According to the SMMT figures, the 2016 year-to-date registrations are 3.3% up on the equivalent period last year but this overall figure disguises a marked variation between classes of light commercial vehicle. Registrations of 4x4 vehicles, vans up to 2t and vans between 2 and 2.5t all fell considerably by 28.1%, 11.1% and 16.6% respectively. However, registrations of pick-ups rose by 10.4% and of vans over 2.5t up to 3.5t rose by 13%. This increase in the higher capacity vehicles may well indicate some increased competition in the margins of the switch-over point between light and heavy vehicles.

Van overloading

While the economics are unlikely to prompt the Government to lower the threshold for O-licensing, the issue of road safety might make a difference. Of the 2381 vans weighed by Driver and Vehicle Standards Agency (DVSA) last year, 88.5% were found to be overloaded — an increase of 4% on the previous year. Overloading is not only inherently dangerous but also compromises all the improvements in safety achieved through the advanced safety technology now commonly fitted to vans and SMMT is concerned that such appalling statistics could lead to a call for regulation of vans through O-licensing.

The rules on overloading are the same for everybody, whether in a truck, van or even a private car. The Road Traffic Act 1988 and the Road Vehicles (Construction and Use) Regulations 1986 require all vehicle users to ensure that their vehicles are correctly loaded. “Vehicle users” includes both the driver and the vehicle owner and both may be liable to a fine of up to £5000 for each overloading offence. Additionally, employers may be in breach of their duty of care under the Health and Safety at Work Act 1999. Vehicles may also be prohibited from moving until the load is adjusted.

So far as the above is concerned, the playing field is level but where it develops a slope to rival that of the Lord’s wicket is in what comes next. Whereas for the van operator the penalty is limited to a fine; for the HGV operator there are further sanctions through the Traffic Commissioner that can quickly result in the loss of his or her personal good repute and the undertaking’s O-licence.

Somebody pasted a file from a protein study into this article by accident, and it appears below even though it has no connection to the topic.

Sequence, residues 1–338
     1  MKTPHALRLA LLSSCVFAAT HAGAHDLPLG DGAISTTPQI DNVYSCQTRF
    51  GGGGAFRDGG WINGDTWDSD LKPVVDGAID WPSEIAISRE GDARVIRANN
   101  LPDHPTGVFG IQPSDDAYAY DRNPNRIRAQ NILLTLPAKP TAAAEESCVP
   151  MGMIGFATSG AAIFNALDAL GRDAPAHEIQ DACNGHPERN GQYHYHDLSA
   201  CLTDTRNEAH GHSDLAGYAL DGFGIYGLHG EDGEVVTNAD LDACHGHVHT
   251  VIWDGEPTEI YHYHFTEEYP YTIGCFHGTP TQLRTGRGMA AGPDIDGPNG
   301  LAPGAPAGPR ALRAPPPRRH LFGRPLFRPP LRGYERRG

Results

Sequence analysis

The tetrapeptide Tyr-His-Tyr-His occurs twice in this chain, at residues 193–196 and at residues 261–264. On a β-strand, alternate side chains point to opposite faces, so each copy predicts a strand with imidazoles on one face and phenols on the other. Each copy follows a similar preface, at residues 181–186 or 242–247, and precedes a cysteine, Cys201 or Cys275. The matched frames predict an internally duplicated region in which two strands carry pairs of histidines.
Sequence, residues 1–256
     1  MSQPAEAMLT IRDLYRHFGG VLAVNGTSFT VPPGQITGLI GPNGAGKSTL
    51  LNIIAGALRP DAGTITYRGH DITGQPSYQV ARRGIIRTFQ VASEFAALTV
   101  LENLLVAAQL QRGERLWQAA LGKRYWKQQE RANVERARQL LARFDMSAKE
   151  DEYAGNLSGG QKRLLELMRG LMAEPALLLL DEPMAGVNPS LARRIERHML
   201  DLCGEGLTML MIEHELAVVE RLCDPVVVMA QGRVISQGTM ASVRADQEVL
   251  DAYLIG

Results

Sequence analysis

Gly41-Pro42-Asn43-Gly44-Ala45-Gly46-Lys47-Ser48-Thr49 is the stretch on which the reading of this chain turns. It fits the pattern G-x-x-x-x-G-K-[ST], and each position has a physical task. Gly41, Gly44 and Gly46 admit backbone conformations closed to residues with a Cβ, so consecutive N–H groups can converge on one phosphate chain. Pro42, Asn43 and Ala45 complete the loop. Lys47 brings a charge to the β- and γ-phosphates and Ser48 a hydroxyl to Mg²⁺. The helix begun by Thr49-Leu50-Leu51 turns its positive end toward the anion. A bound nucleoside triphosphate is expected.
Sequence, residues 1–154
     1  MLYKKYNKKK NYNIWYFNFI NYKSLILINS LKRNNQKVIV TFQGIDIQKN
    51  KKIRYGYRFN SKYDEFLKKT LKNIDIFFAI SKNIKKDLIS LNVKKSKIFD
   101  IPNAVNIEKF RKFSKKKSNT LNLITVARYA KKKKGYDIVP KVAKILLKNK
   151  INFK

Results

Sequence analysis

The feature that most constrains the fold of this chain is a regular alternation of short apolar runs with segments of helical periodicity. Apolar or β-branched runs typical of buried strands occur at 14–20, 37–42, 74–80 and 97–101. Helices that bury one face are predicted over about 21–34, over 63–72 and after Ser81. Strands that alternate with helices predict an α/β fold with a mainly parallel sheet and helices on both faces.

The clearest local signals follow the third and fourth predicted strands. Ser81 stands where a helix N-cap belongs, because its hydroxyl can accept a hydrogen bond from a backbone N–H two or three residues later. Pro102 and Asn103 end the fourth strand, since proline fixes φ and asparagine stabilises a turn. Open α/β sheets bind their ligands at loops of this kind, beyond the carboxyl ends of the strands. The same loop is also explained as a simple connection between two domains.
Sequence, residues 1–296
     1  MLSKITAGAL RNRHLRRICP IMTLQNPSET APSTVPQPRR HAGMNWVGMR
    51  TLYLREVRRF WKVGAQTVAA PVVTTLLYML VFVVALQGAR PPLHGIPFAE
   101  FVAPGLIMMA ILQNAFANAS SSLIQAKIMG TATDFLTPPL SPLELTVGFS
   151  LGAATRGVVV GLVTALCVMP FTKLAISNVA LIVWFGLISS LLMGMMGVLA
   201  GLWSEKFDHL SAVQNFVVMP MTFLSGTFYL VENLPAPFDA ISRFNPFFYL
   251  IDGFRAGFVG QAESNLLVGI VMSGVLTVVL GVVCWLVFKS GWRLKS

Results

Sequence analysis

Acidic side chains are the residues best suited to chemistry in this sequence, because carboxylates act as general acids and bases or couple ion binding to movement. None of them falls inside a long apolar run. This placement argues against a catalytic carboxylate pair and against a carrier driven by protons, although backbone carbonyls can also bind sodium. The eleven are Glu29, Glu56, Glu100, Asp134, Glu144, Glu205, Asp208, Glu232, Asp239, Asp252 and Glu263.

Furthermore, roadside inspections of HGVs will be carried out in a targeted fashion on the basis of the Operator Compliance Risk Score (OCRS) but no such targeting is available for vans and checks will be conducted at random — though a hit rate of 88% indicates that DVSA examiners will hardly be wasting much time checking compliant vans, even on a random basis. The pain for the HGV operator does not end there however, because such a failed encounter will result in an increase in the compliance risk score and his or her vehicles will then be targeted for a period thereafter until the risk score falls again after a number of successful encounters.

Conclusion

While the large number of vans now on the road will not have any impact on the majority of HGV operators, it is possible that the increase in higher capacity ones might have some effect around the lower threshold of economic viability for HGV operation. Evidence of prevalent overloading of vans might also suggest that their operators are seeking to exploit their freedom from O-licensing even further by encroaching into the load capacity legally available only to O-licensed vehicles.

While it must remain unlikely that the O-licensing threshold will be reduced, van operators will need to put their house in order to avoid such suggestions.